Globe-Gazette from Mason City, Iowa on May 14, 1943 · Page 2
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Globe-Gazette from Mason City, Iowa · Page 2

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Mason City, Iowa
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Friday, May 14, 1943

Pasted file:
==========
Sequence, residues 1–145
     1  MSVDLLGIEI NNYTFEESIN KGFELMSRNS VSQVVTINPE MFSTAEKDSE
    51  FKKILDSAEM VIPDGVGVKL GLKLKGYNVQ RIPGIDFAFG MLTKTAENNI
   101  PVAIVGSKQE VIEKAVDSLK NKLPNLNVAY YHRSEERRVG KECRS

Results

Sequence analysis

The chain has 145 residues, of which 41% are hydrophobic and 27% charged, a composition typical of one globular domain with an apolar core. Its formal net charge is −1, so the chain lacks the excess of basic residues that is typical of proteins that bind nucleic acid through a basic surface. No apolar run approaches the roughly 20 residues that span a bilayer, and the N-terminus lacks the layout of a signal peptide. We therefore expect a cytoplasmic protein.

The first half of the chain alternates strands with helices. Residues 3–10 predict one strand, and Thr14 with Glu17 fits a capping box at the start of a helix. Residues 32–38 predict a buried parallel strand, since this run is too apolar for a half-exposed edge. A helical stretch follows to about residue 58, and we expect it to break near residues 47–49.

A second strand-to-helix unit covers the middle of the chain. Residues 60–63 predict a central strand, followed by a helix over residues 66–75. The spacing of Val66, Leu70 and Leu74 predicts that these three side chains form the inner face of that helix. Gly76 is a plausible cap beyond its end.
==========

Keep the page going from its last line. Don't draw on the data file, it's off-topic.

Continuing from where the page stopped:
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May 12. Our forces on the samt. island have intercepted them anc are now engaging them in tierce battle." The Japanese had re named .Atiu Atsuta after the At- suta shrine at Nagoya, Japan.) The size ot the enemy's garrison ort Attu is not known but it is be lieved to be smaller than the approximately 10,000 troops re ported on Kiska island, east o Attu. * f. # There was 110 indication Ihat any attack had been nude ou Kiska and this led to speculation that the United States maneuver was deticned to outflank the more strongly held enemy base and if possible place its garrison in au almost untenable position before attacking there. * * * AHu has been used as a supply point lor Kiska and presumably A m e r i c a n possession of Attu would greatly reduce Kiska's usefulness to the enemy as a potential airbase and a submarine operating base. Possession ol Attu w o u l d give the American Aleutians command a w e a t h e r observation station west of Kiska-a fact of supreme importance 1he Aleutians where weather is most constant single problem which airmen and seamen face. Heretofore the advantage has been aTl with the Japanese because the weather moves from west to east and they knew what conditions would be when United States forces could not know. Possession ot Attu, provided it reduces the Japanese garrison on Kiska to impotence and puts American forces in position- to knock out Kiska speedily, would a f f o r d - a n American base within 630 nautical miles of Japan's great base of Paramushiru which is at the northern end of the Ku- viles' island extending bctweei. Japan proper and Russia's Kam- chatka peninsula. If the Japanese have succeeded in carving an airbase out ot Attu's mountainous 1 u n d s c :\ p e, A m e r i c a n forces undoubtedly would devote full energies toward completing it as speedily as possible in order to bring Paramush- iru in aerial bombardment. * Japs Say Landing by "Crack" Troops NEW YORK, (JP)-- Japanese imperial headquarters . said in a broadcast communique Thursday that "crack American forces" started landing Wednesday on A t t u island in the bleak, fog- shrouded Aleutians and that a fierce battle was in progress. # # * Attu is the westernmost of the rocky Aleutians pointed like an arrow at the heart of the Japanese empire from Alaska. Near the international dateline, the island is 2,005 statute miles from Tokyo by the great circle route * * * The Japanese capita! is witlii theoretical range of U. S. bombei which could be based on a stri the Japanese were reported ; have built. It lies IBB miles vest or Kiska the other Aleutian island to whic tiie Japanese have held torture Japan's Aleutian Maneuvers May Have Recoil for Nippon By LOUIS F. KEEMLE United Press War Analyst J a p a n s audacious approach to the North American c con footholds since occupation last direction June 7-8. arena. The U. S. forces firmly entrenched with an effective steel- stripped air base on Amchitka island, in the Andreanof group 70 miles east of Kiska, the American T * «b«wine out tentacles in ever , attack on Attu was seen as a step toward virtual encirclement of RENT OUR ELECTRIC FLOOR SANDERS BY THE HOUR OR DAY turrie Van Ness Co 20-23 E. Stal. PhoDe 17 turrie Van Ness f* 2t-23 E. SUte Pho ne 17 I owe Brothers Some 10,000 Japanese troops are reported on Kiska, posing a bombing threat to Alaska and even to the American west coast. The Attu garrison is believed to be considerably smaller. Should Attu faU. the Americans would be astride the Japanese communication line to Kiska. makinr the Japanese position there untenable. * . * * Moreover, the Americans would be only 760 airaiiJe miles from the Japanese naval and air base of Paramushirc at the northern end of Japan's Kurile islands just south of the Kamchatka peninsula Both Attu and Kiska have been targets of incessant U. S. aerial assault. Bombs were cascaded down on both whenever the Aleutian weather lifted sufficiently for U. S. aircraft to leave their bases. Attu was 'bombarded April 30 jy a naval task force, and this -together with the punishing air blows-- seemed certain to have so f te ned ' · t he Japanese garrison considerably. An American landing on Attu such as reported by the Japanese presumably would be under the overall command of Admiral Chester W. Nitnitz, commander in chief of the United States Pacific fleet. Rear Admiral Thomas Cassin Kinkaid of Philadelphia is believed to be in direct command of. naval forces in Alaskan-Aleutian waters. Lt.. Gen. Simou Bolivar Buckner is commanding general of the Alaskan defense command. Troops who seized Amchitka recently were commanded by Brig. en. Lloyd E. Jones of Columbia, Mo. * * * Landings in the Aleutians are much more difficult than in the jimele-clad equatorial islands. Beaches in the Aleutians (ener- ally are scarce although deep anchorages are numerous. Frequently the shore rises almost directly as a rocky cliff from the icy waters. * * * The Japanese Have been reported constructing a large ajr base on Attu, presumably for the purpose of launching attacks on the American mainland. * * * Tokyo claimed last June 25 in a communique that their farces had occupied Kiska June 7 and Attu a day later, and that they then were ··consolidating their position in neighboring islands." * * * Japanese imperial headquarters ilso announced that Attu would be renamed Atsuta island; after the Atsuta shrine at Nagoya, Japan, and the Kiska would be named JS'arukami. in the vast Pacifi These Japanese outposts wer intended primarily to keep th enemy as far a s p o s s i b l e from the em- p r o p e r the hold- pi re and ings which had been seized in t h e w e s t e r n Pacific. ondarily, S e c- they would be thL jumping - off places for further advances _ 01- for invasion KEEMLE if the occasion arose. The seizure of Kiska and Attu was admirable for the first pur POSC. It .put the Japanese athvvar our nearest approach to their is K? a " d '°TM«« * ."'misance * * * i , . r » » ' « the. United States to devote expensive aerial and naval effort to prevent the Japanese threat from developing. * * * Now the United Stales forces « r f - i0 thTOW the Japanes out of their holdings, which they have so laboriously been trying to develop mto air bases under the incessant bombing of American planes. Efforts of the Japanese ££n *? r s ? ee ? the process ! "ve n r s "ve been effectively repulsed, notably m the engagement west of Attu late in .March. Occupation by the Americans 01 Amchitka island near Kiska and the constant aerial attacks were part of a program which now appears to have culminated in an American landing in force on Attu. according to the Japanese announcement * * * in*"*. ? learin * « f «he islands »L- n "f A"*TM" bombers within effective striking distance of Japanese naval and aerial bases in the Kurile islands, Japan's outer line of defense in the north Pacific. * * * . M an American attack on Japan is decided on by that route, Japans Aleutian maneuver may recoil to her own disadvantage It resulted, for one thing, in the strengthening of our position in Alaska and construction of the Alcan highway, which will provide a vital route of supply for our outer positions. The occupation of Amchitka- is- and Jan. 12 was announced May 8 by the United States. Amchitka only 70 miles from Kiska, helped Hank the Japanese positions. Since the Japanese landing, Attu las been Kiska's supply and reinforcement base. It is 196 miles west of Kiska and the Japanese have developed it as their "first and last chance to gas" for their I.B74 mile Tokyo-Paramushiro- Kiska airway. SOAP PRICES STANDARDIZED Ceilings Set by OPA on Powders, Cleansers WASHINGTON, (/P,_Thc prices i! all soaps, washing powders and leansers were standardized Friday by the office of price admin- AXIS PLANE TOLL 2,000 IN AFRICA Allies Lost 770 in 6 Months of Campaign WASHINGTON. (/?) _ The allied an- forces of North Africa cle- stroyid approximately 2,000 enemy planes while losing about 770 ra the six months and three days between the landings in French North Africa and the collapse of axis resistance May ]1. The -war department reported this Friday in a review of the MASON CITY GLOBE-GAZETTE EXTEND DRAFTEE FURLOUGH TIME Believe Fathers Need More Time to Leave WASHINGTON, W-- The nation's fathers were cuught in a tug-of-war between the executive and legislative branches of the government Friday, with the former apparently seeking to pull them into military service soon and the latter starting a move to hold them out -- at least until next year. . * * * With impending new allied offensives hinting that a call for thousands of more fichlinc men might soon be in order, the army extended the furlcuth ptriod liven new inductees from seven to 14 days and directed that it be increased to three weeks by Sept. 1. The two weeks exten- u*a te to be put into effect as soon as possible, and in no case later than July I. * * * Although no reason was given for the move, other than that one week caused hardships "in some cases," it was understood that the war department felt fathers would need more time than .single or childless married men to settle their personal and business affairs when inducted. Thus, the announcement was interpreted as heralding the drafting of fathers on a large scale in the near future. At the same time, however, Chairman Reynolds (D.-N. Car.), of the senate military committee paved the way Friday for a new congressional fight to exempt fathers for the rest 'of 1943 by calling for hearings to start Mon- iay on the house-appt^yed Kilday * * # While the bill would only delay the induction of fathers. Senator Wheeler (D.-Mont.l. a member of the committee, said he would seek to substitute a flat exemption proposal for the house measure. * * * Reynolds' action was prompted by a communication from the war department Thursday requesting hat high ranking officials be permitted to testify on the measure. Committee attaches declined re- ease of the letter in advance of he hearing, but it was reported o have expressed disfavor of the FRIDAY, MAY 14, 1M3 AIR YA LISTENIN? MARY MARTIN --"In Roberta" bill and a previous pub- ished communication from Sec- etary of War Stimson expressed unequivocal opposition to Wheelr*s proposal. Both selective service and war lepartment officials will testify t Monday's hearings. Director ·ewis B. Hershey recently told a 'Ouse committee that the selec- ive service would have to be rafting fathers by Aug. 1 "or ooner," .to meet the need for 2 00,000 more' men in the armed orces this year. stration. Part of a program to put all ost of living items on a flat ccil- ng basis, the order listed hundreds or soap items and the masi- ·mim price for each, according to lie type of store. Stores wore lassificd into four groups-- two or small independents, one for mall chain outlets, and one for ai-gc volume stores, whether hain or independent. For instance, the top price on ux soap is set at 8 cents for the mall independents and 7 cents or the chains and large stores, ·arse bars of P G soap were need at « cents for the smallest lass of independents, and 5 cents or the other three classes. OPA said the prices were, on he average, the same as cxist- s prices. Formerly, each store ould charge whatever it got in larch, 1942. spectacular part played by the allied team under Air Chief Marshal Sir Arthur \V. Tedder * * * It said that in the first U days of May alone the score was 300 axis planes destroyed against 49 allied aircraft lost. a ration of 6 to 1, and added that from May 7 -- the day Tunis and Bizerte fell _ "the enemy air arm literally danced to the allies' tune, losing approximately 11 planes for every allied plane brought down." This score, however, was "only a fragment" of the air contribution to the North African campaign, the department continued since faraway strategic bombings against German production centers fitted the pattern o£ Mediterranean strategy. '· . '·It is an example of the net Stands in Line 2 Hours or Penny Tax Refund OKLAHOMA CITY. (JP)--The ounty treasurer notified E. U rcen to come down and get a rc- und on his 1942 taxes. Green cut down eagerly, stood in line vo hours and received his rend--one cent. 7.«0« \VA.\fs TO PARADE result of co-ordination of all types of military airplanes, of air power enabling the reduction of the size of a force required to do a job and shortening the time required to do it." Tedders Mediterranean a i r command, the department said was divided into four parts--the northwest African air force the HAF Malta, the RAF middle'cost and elements ot the 9th United" Mates air force operating with the western desert air force. The northwest African nir force commanded by LI. Gen. Carl Spaatz. was made up of American and British units operating as a strategic air force, a tactical air force, n reconnaissance wing a coastal air force, a troop carrier command, n training command and an air service command From Nov. g to Feb. Ig. when the northwest African air f«rc c was formed, the 12th U. S. air forte made l»g attacks an axis t a r g e t s , dropping S.«5»,«t« ponnds of high explosives and fragmentation bombs. WARNED BY OPA WASHINGTON, W)--Retailers cannot require their customers to buy an equal amount of sherbet or other frozen confection in order io obtain ice cream, the office of LANDON MEETS OWA GOP CHIEFS Warns Against Party War on Foreign Policy J_3OO K I L O C Y C L E S DES MOINES, (/P,_AItred M Landon Friday counseled the republicans against getting into an mtra-party "cat and dog fight a this stage ot the game over future foreign policy." In a press conference here following a breakfast with Iowa republican leaders, the 1936 GOP presidential nominee pointed out '^t candidates and platforms for the 1844 presidential election will not be determined for more than year. * * * "A lot of water will flow under the bridge before that time." he commented. "We cannot foresee what the situation will be tlien and we are not jroinr to have the sole say about the character of posl-war organiu- Hon Our allies are join* to have onlte a bit to say. We are not Mint io determine the policy for Ihe entire world * * * "We can, however, indicate our willingness to take a hand in foreign affairs to the extent our humanitarian instinct requires our strength warrants and our interests demand." ,.k? nd °n expressed his approval of National Republican Chairman Harrison E. Spangler's support of renewal of the reciprocal trade agreements program "although ordinarily it might not be a wise thing for him to comment on legislation pending in congress.'' "Under the present circumstances; however, he a d d e d "Spanglcrs stand is an answer to the ridiculous charge that the aarty is hidebound and isolation- " also Micicnled that the republican.-! "mifht well give consideration to hold ing a late convention next year because conditions are changing w rapidly." The party's national conventions usaally are held in June. He declared that the Ball-Burton resolution and other similar measures calling for adoption of a xhcy of international co-opera- lon by the United States "are be- ng blocked jn the senate foreign relations committee, not by a cabal of democratic and republican senators but by the adminis- ration itself.'' He wovild not clab- Mary Martin and William Gargan are costai-nd in pT^- ducer Charles Martin's radio version of Jerome KernV hit musical play, /·Roberta," or, KGLO-CBS' "Philip Jlon-is Pliy- " "" * * * * house," Friday at 8 p. m. Roberta," w h i c h was a Broadway hit in 1935, is one of the best Kern shows and takes its place among his popular classics "Sally," "Sunny," "Showboat," "Music in the Air" ·The Cat and the Fiddle" and Sweet Adeline." Tamara, who was killed this spring in the clipper crash near Lisbon, made her first stage success in "Roberta/ 1 Irene Dunne later played the part in the picture. Miss Martin, whose affection for "Daddy" in the Broadway musical, "Leave It to Me" brought her to Hollywood's attention, makes her second guest appearance on "The Philip Morris Playhouse," in "Roberta." Among her recent screen plays are "Birth ot the Blues" "New York Town" and "Kiss the Boys Goodbye." * ¥ * Kate in Chicago The Chicago school of army enforces technical training command plays host to KGLO-CBS ''Kate Smith Show" for the broadcast Friday from 7 to 7-30 p. m. The "Songbird of the South" and her company are cnroute to the east after a stay of several weeks on the west "coast where they entertained thousands of servicemen and Kate went before the camera for scenes in the movie version of Irving Berlin's 'This Is the Army." Regular members of the company include Ted Collins, Comedian Henny Youngman and Jack Miller's orchestra. * * * "Recipe for Murder" When Sheriff Ebenerer Willams invites Nick and Nora to umt poultry thieves, all three become unwilling guests at a dinner of deadly chicken croquets in "Recipe for Murder," on 'The Adventures of the Thin Man," Friday on KGLO-CBS at 7:30 p. m. Professor Gilwilly. government chemist, inoculates chickens with deadly virus. Thieves steal the poultry. Nick, Nora, and the shcr- ff trace the thieves, but are orced at gun-point to eat a poisoned chicken dinner. Nick lutwits the gangsters and saves he trio. * ¥ * Comedy Runs Riot Comedian Herb Shriner. the | Vabash correspondent, and Jack Carson, master of ceremonies, et the fun pace on KGLO-CBS' 'Camel Caravan," Friday from to 9:45 p. m. Others heard are Elvia Allman, Mel Blanc, Billy Grey, Connie Haines, Freddy Rich and his orchestra. Joey in Trouble Joey Brewster--played by Eddie ^ Firestone, Jr.--stumbles into a 'teen-age trouble episode in "That Brewster Boy" Friday on KGLO-CBS at 8:30 p. m. Jane Webb plays Minerva, favorite Joey girl friend whose last minute aid pulls him out o[ many a dilemma. Roland Young Stars Roland Young. 30 years an actor, is guest star in an up-to-date drama written for him on KGLO- CBS' "Armstrong Theater of Today" Saturday at H a. m. Young, born in London in 1887, made his first stage appearance there in 1912 at the Garrick theater in "Improper Peter/' In December, 1912. he made his New York debut in "Kindle Wakes" at the Maxine Elliott theater. Y o u n g distinguished himself in his "Topper" movie series, and in other films, including "They All Kissed the Bride." and "The Lady Has Plans. 1 ' Friday P. M. 4:00 Mzdelrine Carrol] Buds CBS *:I3 Mglher and ]u«, CBS ':'·» \tt You » Ccnlu*, CBS 4:43 Keep Ihe Ilomt Tires Bum: Wriilty tium. CBS .1:1X1 Mailbr ~i:-'~ Baseball Scorr* .1:3» Tea Tlm« T U D C N »:I5 \ftllt T«Uy. CBS 3:55 Meamnr »f Ihr Sews. Ctoiricti Company. CBS «:Wt News D! Ihr .N'alion. P. ;. i E. fi:ir Our Secret Weapvn, rbilca CBS B:.T» KGtO F.ru» i::ttl Iluurji Ahead «:IS Sports Camera. Olibe-Gaiettc · :»l Kate Smith, (irnrra! Foods. CBS .:J» Adventures of tht Tttin _M»u, Uen- «ral fond*. CBS ~:r t r, World Xews K:0« Playhouse. Philip Murris. CBS ' »:"» That Brewjlcr Bov, Quaker Oals, CBS 9:00 Comeiijr Caravan. CameU. CBS »:!· Elmer Davis, Director of OWI. CBS 10:9» Eveninf News Roundup, First Na- Unal Bank S.ots. CBS «.-3d Fr.nk Sinatra Show, CBS 11:»» Press News. CBS 11:M Gay Lombardo* Orchestra CBS 11:.* Ray Benson's Orchestra, CBS ]=:«· Pre« News, CBS 12:".eir.n Off Saturday A. M. fi:9O Dawn Patrol. Markets «:« Mornlnf .Nen-% Xoundap. Mason City .Merchants ·:"! Tone Time T::M* Keep Time with Damons »:13 Safely Talk »I the U'eek *:-(* Red Cross from London, CBS Sj.TO Garden Gate. CBS U:WI Youth on l-arade. CBS 9:'-i9 Let's Pretend. CBS 9:o.1 Orran Interlude ·:*» News Direst, Jacob E. Decker and Sons »:1S Bible Broadcast, Radio Chapel :'·» Wa "«" Sweeney Son, Curtiss :^~ Organ Interlude H»:I5 Home Town Netrs ' tl:W» Theater of Today. Armstrong Cork. CBS 11:30 Todiy, Markets Il:»3 Mystery Melody Game 13:«H Mid-day- Review I---.I-. Canill reeds Program 12::w Front Pare Sews 1:1:4.1 Highway* to Health CBS l:'«l Press .News. CBS l:«r, Serenade From nulfalo, UBS 1:30 Spirit of 'U. CBS ·J:l» Of Men and Booki. CBS I:3U F. O. B. Detroit. CBS ::«· Report From London, CBS 3:1S Metropolitan Handicap, CBS 3:;u Mailbaf 4i»» Joseph Schuster. Cellist. CBS 4::a The BranscQmbe Choral, CBS ;"i:lW Lynn Chalmers, CBS ·":!« Baseball Score.-; 3:1.1 People's Platform. CBS 3:15 The Three Sillers.' CBS S:m News of the Sation. f. (I * r. «:15 Iowa Editors--Builders of the Slate KGLO Forum «:::·) Thanks to the Yai,k«. CMmeU. CBS · il-'W Sports Camera. GUhe-Gazttte 7:l» f.esl We Foriet '·:-·» friendly Time, drain Bell I'.ee ·"* K. Sevarrid. News. Parker Pen KUw Health Concept to B« Forum Subject Formn Friday from S:3» to 6:« p. m., in a series sponsored by the Y. w. C. A. Miss ""» *»·«. « n *TM' secretory of the local Y. W. C. A., will £.51"^ him - The sub *«t «UI be. "A New Concept of Health." . Hit Parade. L u c t v strikes . *.'«· V«u CBS *tl,1 Keporl Io Ihe Nation, CBS :l.l Blue Rifabttn Town. Pabt Blue fcon Beer. CBS 9:li Treasury Star Parade CBS 1*:0» Kreninr News Roundup I»:M Gracie Barrie's Orchestra. J»:.1» «ay Lombardo'* Orchestra. CBS Il:w» Press -News. CBS Il.'Hj .i»e Ionian's Orchestra. CBS ll:o» Ray Pearl's Orchestra. CBS J';:W) rraiu Xetr*, CBS ' W H O «tu FKIIIAV EVENING G;l~ Xcws or tlie World B:30 News «:« If. V. Kallenbom T:TO Lucille Manners 7:30 All-Time Hit Parade S:CK| Wall* Time S:3U People Arc Funny 9:00 Tommy * Bc!U- I.ou 9:30 Can* You Top This:' 10:00 Victory Tune Time lUi News I0:ir Elmer Davis 11:00 IVar News; Music ll:ir. Paul .Marlin's Music 1:30 News .1:45 Music: War News 2:00 Swine Shift .Matinee SATURDAY- MORNING o:30 Tips and Tunes 3:4- Homespun Harmonics 6:00 Heaven .ind Home 6:15 Farm Service 6:30 F.irm tscws 6:4r Jerry and Zclda 7:00 ,\lcx Drcicr. News 7:15 Time lo Shine 7:30 N«vvs -· Lcm Turner's Almanac 8:3(1 Reville Roundup S:I5 Everything Goes 8:30 Melody Parade 8:45 News 9:00 NBC Siring Quartet 8:1.1 ViclOrj- Gardens 9:30 Nellie Rcvell Presents S:«-i Shorty and Sue 0:00 To Be Announced 0:30 Booh Review ? : ii S?" 5 .* Cliard on p »"de 1:00 Music iXoorn A recent survey showed 163 ·anctics of vegetables growing on cgro farms in Georgia. Frank Sinatra Show "The Frank Sinatra' Show," starring the ballaclccr .who has become the baritone sensation of the nation, debuts on KGLO- CBS Friday at 10:30 p. m. in a melody - packed program, w i t h Maestro Raymond Scott's augmented orchestra. Sinatra needs no introduction to millions who have watched his meteoric rise to stardom. Currently, he is the toast of the night clubs; the idol of the airlanes-- and Hollywood is jvist over the horizon. Kid's Show*in*A. M. Nilo Mack's "Let's Pretend." (he favorite program for ''children of all ages." makes its KGLO-CBS debut at a new time Saturday, when it broadcasts at 0:30 n. m. "Let's Pretend" is well known to listeners in the K.GI.O area and it has consistently won national awards as radio's outstanding juvenile program. List 28 lowans Held Prisoners of Japan WASHINGTON, (/P)--The navy department announced the names of 1,044 United States navy personnel, including 28 lowans. held as prisoners of war by the Japanese, mostly in the Philippine islands. North lowans listed were: Orvin G. Kringler. watertender Brother ot Mrs. Henry Klepper West Bend; Louis A. Willard, fireman, son of Brndcn Willard -aglc Grove: Dudley D. Wyatt seaman, son of Mrs. Fern Wyalt ! Hardy. ' ' Tears Up Floors in Search of False Teeth, Tugged Away by Rat LAKEVILLE, Conn., Pj_John Jordan is leaving no stone un- .urned--and the same applies to floors--in his search for his false teeth. Jordan swears he saw a rat pick ip the teeth and disappear behind lie woodwork. Two floors of the three-story Jordan house have been ripped up but there's no sign of the rat or the teeth. Undismayed, Jordan )lans to carry his search under ho one remaining floor. The town of Falmouth. now ^ortland, Me., was destroyed by he trench and Indians. May 20 !C90. ' There arc only about ncky Mountain bighorn cfl in the nation. 5.000 sheep REDS REPORT BIG DRIVE IMMINENT Warn That Nazis Can Attack in Great Force MOSCOW, U.f»--The official red army newspaper. Bed Star, said Friday that a big scale offensive was imminent on the Russian front and warned that Germany still was capable of attacking in great force. The announcement followed the soviet mid-day communique which said the red air force, continuing its offensive against German supply and communications lines, destroyed 40 railway cars and -sank tour enemy ships in the Barents sea. An editorial in Ited Star said a large scale German tank attack was expected. "The hour is drawing near for fge scale fighting in which great asses of troops will participate," the editorial said. "The character of the forthcoming battles is clear We can judge from previous experience and from what is «oin" 911 at the front and rear." " The newspaper suggested that the German high command would Pin its hopes on its armored and ,, 'T 1 ?, w i" ter campaign weakened the Germans but we must not underestimate their strength " the article continued. "We must realize that the Germans can still attack with large armored spear- ncads. We must be prepared for mass, attacks by tanks and mechanized units supported by other formations." "We not only possess every means to hold the enemy but to defeat him." TRADE PACTS UP TO SENATE Speedy Action Promised on House Approved Act WASHINGTON, l.f)--A house- approved bill renewing President Roosevelt's authority to make reciprocal trade agreements was promised speedy senate consideration Friday with administration leaders' expressing determination to block any move to give congress the right to pass on each pact. Further than that. Chairman George (D.. Ga. of the senate finance committee said he would do his utmost to give the executive branch the full three year extension it asked, rather than the two years voted Thursday by the house. George said he would call the bill before the committee at the earliest possible moment after the senate disposes of the pay-as- you-go income tax collection bill, now entering its third day of debate. Discussing reports that a group ot republican senators would insist that congress be given veto power over the agreements, Senator Connally (D., Tex.), a member of the finance committee, said he thought the failure of a similar move in the house would "scare 'em off." The house voted down the veto proviso 170 to 149 artd passed the ill by a vote of 342 to C5. although a republican - democratic [coalition trimmed the extension time from three to two years by a count of 136 to 153. An Associated Press poll last month showed that 40 of 59 senators who were willing to-commit themselves at that time ware prepared to vote for an extension of the trade program without change. The 19 others reached were either flatly opposed to extension or demanded substantial amendments. In addition to the veto power some republican senators were known to be discussing the advisability of an amendment which would cause individual U'caties to lapse one year after the expiration of the act itself a * PHILCO C O R P O R A T Hear Rex Stout Expose AXIS LIES Pho wouldn't love to receive one Vo ' an wVJ! 1L W e , n Lclon e Floral ! W i l d Violet makes the sra '"' al «" «'" g£ TM.W WATCHES DIAMONDS 12 EAST STATE to Bracken Insurance Agency FOR PATRIOTIC CO-OPERATION WITH T H E NATION'S WAR BOND PROGRAM THROUGH THE ADVERTISING C O L U M N S OF THE MASON CITY GLOBE- GAZETTE r f l f SECRETARY OF THE TREASURY *jv*JtK.tv*-}f\,. 0 0 J-....V